DJ Randall- you're right, I used the wrong term. "Fair Use" is a (I think you say) "term of art" with specific meanings. I should have said "exemption to copyright" and not fair use.

You say that ``restaurants, theme parks, skating rinks, and FM radio stations are free to publicly perform sound recordings without any royalty obligation because of a loophole in U.S. copyright law``. Yet as you say, that "loophole" didn't even exist until copyright reform in 1976.

I'm just saying that this isn't a loophole. In 1947 when Copyright law was made into title 17 of U.S. Code, sound recordings were quite common. Radio broadcasting was commonplace. It was not an accident that it was decided that it was in the public interest to allow sound recordings to be performed publicly.

So strike my words about fair use, and replace them with "in the public interest".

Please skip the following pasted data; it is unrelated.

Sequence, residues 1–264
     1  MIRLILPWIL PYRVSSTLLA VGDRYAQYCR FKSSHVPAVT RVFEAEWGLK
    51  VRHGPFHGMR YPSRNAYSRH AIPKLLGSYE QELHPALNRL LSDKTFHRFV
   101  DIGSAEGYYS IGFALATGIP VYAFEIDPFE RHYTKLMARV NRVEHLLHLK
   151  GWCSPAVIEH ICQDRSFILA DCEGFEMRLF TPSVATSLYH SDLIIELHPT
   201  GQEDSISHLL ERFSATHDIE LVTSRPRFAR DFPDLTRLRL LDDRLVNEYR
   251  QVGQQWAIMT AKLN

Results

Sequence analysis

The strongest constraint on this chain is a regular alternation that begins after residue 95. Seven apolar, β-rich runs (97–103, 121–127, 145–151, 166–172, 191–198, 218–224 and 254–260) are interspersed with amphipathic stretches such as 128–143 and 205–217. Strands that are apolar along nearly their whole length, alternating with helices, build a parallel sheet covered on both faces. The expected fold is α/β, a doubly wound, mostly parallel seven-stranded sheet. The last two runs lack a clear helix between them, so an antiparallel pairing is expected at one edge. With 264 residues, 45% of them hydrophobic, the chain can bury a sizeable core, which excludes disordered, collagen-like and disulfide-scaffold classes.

And of course the NAB lobbied against the RIAA in the 70s. The RIAA was pushing for revocation of the sound recording performance and the NAB was pushing to preserve it.

You also say: ``Record labels and recording artists absolutely deserve royalties for any public performance. And I hope that SoundExchange can finally give FM radio broadcasters what they've so long deserved -- a nice fat royalty invoice.``

But you know that isn't going to happen in the mainstream world - because the Infinitys and Clear Channels of the world will do direct deals with the majors (just like slacker.com did) and will be able to get content FOR FREE as long as they're pushing the music the major labels want them to push. If you think over-the-air radio sucks now, wait until you hear it after those deals are done.

April 18, 2007 11:40 PM  
Blogger Inboulder said...

Just a heads up, I think your blog is done broke, maybe it was the boing boing link or RIAA crackers, but only one post works and there are weird dupe digg.com artifacts etc...

April 26, 2007 6:35 PM